- New treatment
technique could be used to avoid amputations in soldiers with serious
- The 'life support
system for the limb' gives doctors the time needed to repair damage and
- After successful
clinical trials, the technique is ready and could one day be part of the
medical kit in every frontline unit.
Soldiers who suffer from serious battlefield injuries usually lose their
limbs to amputation to save their life. But a new pioneering new treatment
developed a research team at Strathclyde University could avoid
amputations and save these limbs. Referred to as the 'life support system for
the limb', the technique gives doctors the time needed to repair damage, and thereby reducing amputations. The study was funded by The Ministry of Defence (MoD): Defence Science and Technology Laboratory (DSTL).
The technique that helps save soldiers' arms and legs, if they sustain major traumatic combat injuries is a
three-stage method specifically designed for use by combat medics in the field.
The technology was built taking into consideration the injuries inflicted on UK
soldiers by improvised explosive devices (IEDs) in Iraq and Afghanistan.
support system for the limb
The first stage of the treatment is applying a novel tourniquet to the
limb. A tourniquet is a highly compressed bandage used to stop bleeding
. This applies pressure at different points thereby reducing pressure and
damage to specific areas.
‘New limb saving technology could give doctors the extra time and support needed to prevent amputation of limbs among soldiers with serious battlefield injuries.’
The limb is then wrapped with a cooling 'sock' to preserve it from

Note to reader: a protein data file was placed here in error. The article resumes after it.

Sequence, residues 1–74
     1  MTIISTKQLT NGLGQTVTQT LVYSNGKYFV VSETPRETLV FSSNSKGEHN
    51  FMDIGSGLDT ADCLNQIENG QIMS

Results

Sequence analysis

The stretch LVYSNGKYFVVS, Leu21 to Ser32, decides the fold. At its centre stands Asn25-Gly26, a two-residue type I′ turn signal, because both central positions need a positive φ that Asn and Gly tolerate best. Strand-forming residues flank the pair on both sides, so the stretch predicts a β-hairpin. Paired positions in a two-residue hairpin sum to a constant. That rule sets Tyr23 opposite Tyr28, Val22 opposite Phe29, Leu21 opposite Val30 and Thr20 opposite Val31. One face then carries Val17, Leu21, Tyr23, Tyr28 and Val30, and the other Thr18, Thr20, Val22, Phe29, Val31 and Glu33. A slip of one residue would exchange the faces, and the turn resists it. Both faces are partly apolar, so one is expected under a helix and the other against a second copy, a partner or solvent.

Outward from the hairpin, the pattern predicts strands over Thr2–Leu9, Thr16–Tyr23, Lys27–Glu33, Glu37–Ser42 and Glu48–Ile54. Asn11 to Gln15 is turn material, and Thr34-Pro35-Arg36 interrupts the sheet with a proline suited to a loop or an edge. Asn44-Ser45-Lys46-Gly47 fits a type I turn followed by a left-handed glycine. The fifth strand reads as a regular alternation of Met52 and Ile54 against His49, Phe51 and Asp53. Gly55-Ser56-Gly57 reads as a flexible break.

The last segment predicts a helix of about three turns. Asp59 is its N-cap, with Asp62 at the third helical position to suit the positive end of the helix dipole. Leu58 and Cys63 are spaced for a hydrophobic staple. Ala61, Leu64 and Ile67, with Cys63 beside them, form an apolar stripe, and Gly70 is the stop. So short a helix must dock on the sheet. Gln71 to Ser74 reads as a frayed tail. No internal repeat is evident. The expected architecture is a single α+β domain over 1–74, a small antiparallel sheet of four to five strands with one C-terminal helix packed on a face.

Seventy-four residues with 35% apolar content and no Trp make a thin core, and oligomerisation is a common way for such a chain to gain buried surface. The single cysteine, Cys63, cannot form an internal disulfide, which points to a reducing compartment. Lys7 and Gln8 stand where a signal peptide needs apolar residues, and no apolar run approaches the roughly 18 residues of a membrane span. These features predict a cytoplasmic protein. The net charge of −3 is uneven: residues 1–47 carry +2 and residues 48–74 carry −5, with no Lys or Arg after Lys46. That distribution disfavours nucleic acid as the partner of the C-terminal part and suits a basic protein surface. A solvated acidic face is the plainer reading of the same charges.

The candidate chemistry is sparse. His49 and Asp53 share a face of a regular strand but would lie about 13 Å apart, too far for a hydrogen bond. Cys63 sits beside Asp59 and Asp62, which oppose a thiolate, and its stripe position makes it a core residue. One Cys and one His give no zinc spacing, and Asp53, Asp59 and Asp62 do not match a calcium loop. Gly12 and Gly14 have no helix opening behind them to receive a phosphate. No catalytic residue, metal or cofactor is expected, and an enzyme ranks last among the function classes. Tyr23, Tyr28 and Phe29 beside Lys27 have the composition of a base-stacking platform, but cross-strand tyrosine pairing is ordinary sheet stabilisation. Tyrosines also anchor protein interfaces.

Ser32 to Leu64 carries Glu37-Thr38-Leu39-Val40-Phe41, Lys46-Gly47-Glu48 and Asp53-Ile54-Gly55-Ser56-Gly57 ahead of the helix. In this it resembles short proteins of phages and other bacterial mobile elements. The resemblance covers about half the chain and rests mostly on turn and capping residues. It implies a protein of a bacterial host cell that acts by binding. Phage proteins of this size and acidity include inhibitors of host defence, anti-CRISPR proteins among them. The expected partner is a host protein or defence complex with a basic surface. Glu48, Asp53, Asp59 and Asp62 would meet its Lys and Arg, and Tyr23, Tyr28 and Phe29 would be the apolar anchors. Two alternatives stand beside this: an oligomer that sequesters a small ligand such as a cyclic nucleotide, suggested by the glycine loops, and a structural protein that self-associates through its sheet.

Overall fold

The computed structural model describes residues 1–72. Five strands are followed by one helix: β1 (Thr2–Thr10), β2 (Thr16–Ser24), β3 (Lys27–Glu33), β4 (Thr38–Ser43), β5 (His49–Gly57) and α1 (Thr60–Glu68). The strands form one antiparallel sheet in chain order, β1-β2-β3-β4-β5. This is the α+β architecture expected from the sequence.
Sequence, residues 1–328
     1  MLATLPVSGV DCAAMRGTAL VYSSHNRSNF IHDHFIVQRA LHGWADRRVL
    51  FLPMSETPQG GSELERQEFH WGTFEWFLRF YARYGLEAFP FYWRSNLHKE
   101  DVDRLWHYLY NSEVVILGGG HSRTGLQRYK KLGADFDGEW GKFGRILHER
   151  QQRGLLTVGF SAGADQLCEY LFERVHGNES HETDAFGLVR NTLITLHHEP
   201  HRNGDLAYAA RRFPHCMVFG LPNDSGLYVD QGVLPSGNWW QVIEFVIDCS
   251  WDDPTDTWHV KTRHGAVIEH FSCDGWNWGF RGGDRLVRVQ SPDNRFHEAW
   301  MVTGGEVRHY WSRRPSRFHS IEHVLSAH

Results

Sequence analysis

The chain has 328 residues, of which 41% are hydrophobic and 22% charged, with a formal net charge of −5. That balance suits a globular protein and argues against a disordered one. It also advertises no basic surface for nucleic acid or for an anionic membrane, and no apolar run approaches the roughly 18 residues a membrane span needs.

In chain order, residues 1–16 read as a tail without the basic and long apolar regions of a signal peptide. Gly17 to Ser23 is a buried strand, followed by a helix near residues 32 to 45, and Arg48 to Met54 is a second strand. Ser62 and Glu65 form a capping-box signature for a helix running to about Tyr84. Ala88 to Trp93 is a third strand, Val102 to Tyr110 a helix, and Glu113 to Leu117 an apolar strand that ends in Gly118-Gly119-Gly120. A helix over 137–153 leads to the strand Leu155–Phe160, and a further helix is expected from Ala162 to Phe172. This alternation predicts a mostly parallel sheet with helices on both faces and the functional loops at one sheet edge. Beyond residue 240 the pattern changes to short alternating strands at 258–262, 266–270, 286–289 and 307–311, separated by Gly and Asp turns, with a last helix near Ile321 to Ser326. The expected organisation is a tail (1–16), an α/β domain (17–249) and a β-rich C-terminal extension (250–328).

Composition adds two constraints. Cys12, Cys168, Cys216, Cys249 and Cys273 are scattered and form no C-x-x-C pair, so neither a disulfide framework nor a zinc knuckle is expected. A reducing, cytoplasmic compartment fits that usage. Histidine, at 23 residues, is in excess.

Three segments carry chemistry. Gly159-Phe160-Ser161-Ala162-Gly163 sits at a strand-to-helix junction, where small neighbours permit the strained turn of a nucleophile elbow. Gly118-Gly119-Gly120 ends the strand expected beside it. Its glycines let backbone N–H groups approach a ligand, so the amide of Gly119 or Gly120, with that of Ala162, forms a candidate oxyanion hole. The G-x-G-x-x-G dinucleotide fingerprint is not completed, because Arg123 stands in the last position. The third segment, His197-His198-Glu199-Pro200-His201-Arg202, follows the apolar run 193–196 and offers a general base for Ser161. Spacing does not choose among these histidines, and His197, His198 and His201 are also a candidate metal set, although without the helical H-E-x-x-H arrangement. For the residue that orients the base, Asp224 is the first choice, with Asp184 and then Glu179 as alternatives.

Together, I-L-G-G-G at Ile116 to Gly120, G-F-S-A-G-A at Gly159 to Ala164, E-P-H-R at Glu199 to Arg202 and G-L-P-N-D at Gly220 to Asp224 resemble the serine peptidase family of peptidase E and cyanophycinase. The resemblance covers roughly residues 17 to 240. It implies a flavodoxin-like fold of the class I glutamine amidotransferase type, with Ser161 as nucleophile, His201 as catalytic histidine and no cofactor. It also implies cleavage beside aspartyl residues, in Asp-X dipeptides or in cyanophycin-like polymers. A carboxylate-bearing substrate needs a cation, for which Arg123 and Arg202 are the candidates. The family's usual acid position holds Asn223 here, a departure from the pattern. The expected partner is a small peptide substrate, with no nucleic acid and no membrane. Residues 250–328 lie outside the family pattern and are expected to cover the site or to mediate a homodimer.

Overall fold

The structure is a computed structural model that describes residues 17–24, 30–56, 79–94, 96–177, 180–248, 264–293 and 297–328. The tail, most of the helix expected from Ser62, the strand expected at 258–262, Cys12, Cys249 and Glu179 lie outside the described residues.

further damage until the patient is be
evacuated to a hospital.
Once at the hospital, the limb is placed inside a specially designed
protective 'box'. The box is capable of sustaining the limb while doctors
attempt to repair the damage. The box has specially decontaminated air in order
to reduce infection. The box also continuously supplies the affected area with
Professor Terry Gourlay, head of the department of biomedical engineering
at Strathclyde University, said: 'We looked at every stage of the journey an
injured soldier follows after injury to ensure our solution was designed
specifically for them. The system we have developed is essentially a
life-support system for the limb
which gives doctors precious time to
attempt to repair damage while ensuring the safety of the patient.'
The technology is light weight, weighing only five kilograms, it is ideal
for deployment on operations, and use by combat medics.
Moreover, the system could also be used in a non-military setting such as
natural disasters or remote locations.
After successful clinical trials, the technique is ready to be available
commercially through DSTL and could one day be part of
the medical kit in every frontline unit.
'While this technique may not be right for every injury, it is a hugely
important innovation which could save the limbs of many more of those
affected,' said Dr Neal Smith, Medical
Sciences Capability Adviser (DSTL).
- New 'life support for limbs' can save soldiers' arms and legs when they suffer serious battlefield injuries - (http://metro.co.uk/2018/03/13/new-life-support-limbs-can-save-soldiers-arms-legs-suffer-serious-battlefield-injuries-7382826/)
- Scots biomedical engineers pioneer limb-saving technique - (https://www.scotsman.com/news/scots-biomedical-engineers-pioneer-limb-saving-technique-1-4704567)